This is how it goes: Most locals will say 10 when they in fact mean $10 which can easily lead to confusion. If you’re at a market, they will shout out “10 for this T-shirt”. You’ll ask if they mean rupiah, they nod, and if you decide to buy it, they will wrap it up and ask for $10. I saw this several times and tried it myself in Ubud.
The whole point of this is to make you feel uncomfortable and pay up, but you shouldn’t be afraid to point out the misunderstanding and walk away!
Wrong place to do this – not that there’s a right place. Indonesia has death penalty for drug traffickers plus huge fines and long jail sentences for those caught with as little as a few ecstasy pills.
Expect to be offered magic mushroom and other drugs in tourist areas and night clubs, but assume that such offers come from people trying to get you arrested. Street dealers are often working with the police.
7. Dangerous arak drinks
This scam is particularly dangerous.
See, a common Bali scam is to switch clear spirits, like vodka, with arak – a local “moonshine” that’s cheap to make and therefore often contains methanol. Methanol is extremely dangerous as it can cause organ damage, kidney failure, blindness, and even death in some cases.
Several people have died from drinking arak-spiked cocktails in Bali and Gili Trawangan. As little as 10 ml can cause blindness.
So, my advice is to always ask if your drink contains arak (although bars are likely to just say no) or simply avoid mixed drinks all-together and stick to beer.
8. Temple scams in Bali
If you visit one of the temples in Bali, watch out for the notorious temple scams.
Most times, the scam is about donations. They will ask you for a donation, show you how much everyone else has paid (which are often huge sums!) and then intimidate or trick you into paying because you’re led to think it’s mandatory. If you refuse, they will shame and guilt-trip you.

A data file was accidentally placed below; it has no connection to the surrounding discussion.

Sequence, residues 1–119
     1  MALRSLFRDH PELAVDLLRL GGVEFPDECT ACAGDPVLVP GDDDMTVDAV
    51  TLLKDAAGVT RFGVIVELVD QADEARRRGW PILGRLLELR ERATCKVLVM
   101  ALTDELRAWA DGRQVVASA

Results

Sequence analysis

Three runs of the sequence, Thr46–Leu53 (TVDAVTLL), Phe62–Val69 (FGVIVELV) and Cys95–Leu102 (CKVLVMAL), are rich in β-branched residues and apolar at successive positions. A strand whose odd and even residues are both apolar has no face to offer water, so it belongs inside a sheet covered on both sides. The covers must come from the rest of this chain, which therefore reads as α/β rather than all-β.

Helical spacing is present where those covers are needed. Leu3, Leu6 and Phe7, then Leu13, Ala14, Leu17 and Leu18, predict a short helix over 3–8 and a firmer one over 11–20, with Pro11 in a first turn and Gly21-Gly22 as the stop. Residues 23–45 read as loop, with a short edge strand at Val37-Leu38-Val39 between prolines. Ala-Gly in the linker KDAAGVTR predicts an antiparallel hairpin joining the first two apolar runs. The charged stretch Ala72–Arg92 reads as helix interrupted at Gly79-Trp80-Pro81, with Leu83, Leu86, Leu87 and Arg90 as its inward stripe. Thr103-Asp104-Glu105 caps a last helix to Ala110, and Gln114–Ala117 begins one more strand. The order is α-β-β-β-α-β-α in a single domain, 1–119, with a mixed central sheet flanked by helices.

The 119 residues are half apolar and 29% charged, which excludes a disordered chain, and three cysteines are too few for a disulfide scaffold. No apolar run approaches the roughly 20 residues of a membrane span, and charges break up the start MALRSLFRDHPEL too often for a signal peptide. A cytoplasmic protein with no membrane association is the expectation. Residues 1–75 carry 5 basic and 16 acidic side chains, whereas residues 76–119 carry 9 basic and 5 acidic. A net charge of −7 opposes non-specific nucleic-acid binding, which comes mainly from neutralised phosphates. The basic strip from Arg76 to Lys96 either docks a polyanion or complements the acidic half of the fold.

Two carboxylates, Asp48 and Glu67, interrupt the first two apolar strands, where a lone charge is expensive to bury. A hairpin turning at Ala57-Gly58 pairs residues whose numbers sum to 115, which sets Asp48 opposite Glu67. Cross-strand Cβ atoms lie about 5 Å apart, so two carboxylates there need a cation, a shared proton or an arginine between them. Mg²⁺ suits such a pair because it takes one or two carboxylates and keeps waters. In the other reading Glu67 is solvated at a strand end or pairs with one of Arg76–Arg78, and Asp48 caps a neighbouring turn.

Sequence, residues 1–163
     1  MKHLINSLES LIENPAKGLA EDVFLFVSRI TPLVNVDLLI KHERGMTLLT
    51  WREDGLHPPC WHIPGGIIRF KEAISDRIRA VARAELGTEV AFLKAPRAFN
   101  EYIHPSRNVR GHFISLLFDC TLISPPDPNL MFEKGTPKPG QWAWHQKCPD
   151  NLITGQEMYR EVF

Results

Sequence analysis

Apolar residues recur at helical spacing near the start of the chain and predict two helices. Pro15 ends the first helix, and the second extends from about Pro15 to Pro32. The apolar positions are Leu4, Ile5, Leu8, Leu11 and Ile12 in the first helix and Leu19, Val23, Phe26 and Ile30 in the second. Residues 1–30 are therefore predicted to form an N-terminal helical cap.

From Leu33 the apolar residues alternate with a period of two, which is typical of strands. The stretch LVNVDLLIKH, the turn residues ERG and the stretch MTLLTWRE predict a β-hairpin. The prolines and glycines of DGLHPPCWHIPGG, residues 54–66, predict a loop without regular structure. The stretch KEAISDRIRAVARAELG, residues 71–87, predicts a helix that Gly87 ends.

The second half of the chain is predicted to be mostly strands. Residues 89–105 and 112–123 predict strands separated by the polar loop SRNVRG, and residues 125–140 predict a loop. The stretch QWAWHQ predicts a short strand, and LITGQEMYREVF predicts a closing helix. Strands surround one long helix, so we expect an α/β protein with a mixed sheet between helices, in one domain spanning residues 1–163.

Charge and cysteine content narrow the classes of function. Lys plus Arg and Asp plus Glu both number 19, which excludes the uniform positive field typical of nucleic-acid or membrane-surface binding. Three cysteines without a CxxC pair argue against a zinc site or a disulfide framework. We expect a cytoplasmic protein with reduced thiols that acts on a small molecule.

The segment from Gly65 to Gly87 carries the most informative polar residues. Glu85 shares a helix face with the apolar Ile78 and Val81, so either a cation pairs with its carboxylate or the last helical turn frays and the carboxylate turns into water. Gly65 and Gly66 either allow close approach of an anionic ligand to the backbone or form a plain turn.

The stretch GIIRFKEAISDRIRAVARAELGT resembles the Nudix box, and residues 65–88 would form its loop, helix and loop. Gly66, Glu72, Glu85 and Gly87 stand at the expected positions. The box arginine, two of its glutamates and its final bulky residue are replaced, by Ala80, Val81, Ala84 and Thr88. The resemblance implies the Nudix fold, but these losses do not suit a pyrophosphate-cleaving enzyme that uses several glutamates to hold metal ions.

I tried this and it was super uncomfortable, which you can read about below.
How I was almost scammed in Bali
I went to Bali as a solo traveler and visited Besakih temple with a private driver. I’d been looking forward to exploring this temple as it is one of the largest and most important temples in Bali and everyone had spoken highly of it.
After paying the entrance fee, they showed me to a small room with four local men and a so-called ‘temple guardian’. He informed me that I couldn’t enter without a guide and that I had to pay the donation to him. He then showed me a book with names, nationalities and how much everyone had donated.
There were amounts of up to $100!
When I saw those insane figures, I knew it was a scam. No one in their right mind would donate that much to a tourist attraction unless they had been tricked into it! I wanted to pay the guide for his time, so I put down 100,000 INR ($8) – the lowest amount – on the list.
The temple guardian (whom from now on will be called the scammer) glared up at me and snorted his disapproval….
THE SCAMVERSATION Scammer: [Looks offended] That is not enough, miss. You have to pay as much as everyone else. Me: Oh, I'm sorry. I thought you said this was a do-na-ti-on? Scammer: Yes, yes, miss. It is a donation. Up to you. Me: Fine. Then I will donate 100,000. Scammer: Nooo, miss. That is not enough. You are not very generous. But up to you. I don't want to pressure you. Me: [Slams the 100,000 note on the table] Then don't! [End of awkward dialog]
Obviously, these men and the small room was the perfect setup to intimidate me, and I can see how they could have scammed all these other people.
I was assigned a guide and when the tour was halfway through, he had the nerve to ask me for yet another donation, which I flat-out refused. I left Besakih temple early and unimpressed.
How to deal with scammers
The best way to call a scammer’s bluff is to pay attention.
Most times you can figure it out just by listening to what they say. Like the Besakih scam – he tells me that I have to pay a donation, but as we all know: donations are voluntary. In other words: you don’t have to donate anything if you don’t want to!
Don’t feel intimidated
These people are trained to make you feel uncomfortable. They know that asking for a donation or tricking you to buy something will make you feel unease and they take advantage of it. You should never be afraid to walk away or say “no”.
Don’t feel obliged to be nice. Be firm. Call their bluff.
If the scammer threatens to call the police, just beat him to it! Walk towards a crowd and raise your voice. He will be out of there in no time.
Always use your intuition
Dealing with Bali tourist traps is a pain, and most times calling their bluff is enough for them to stop. However, you should always, always read the room before you react. Although scammers are after your money, you never know what type of person is standing in front of you; if he’s desperate or aggressive.
So, use common sense and your intuition to choose the best approach. If it’s a corrupt police officer, use extra caution.
Stay safe ♡
Have you been scammed in Bali? How did you react?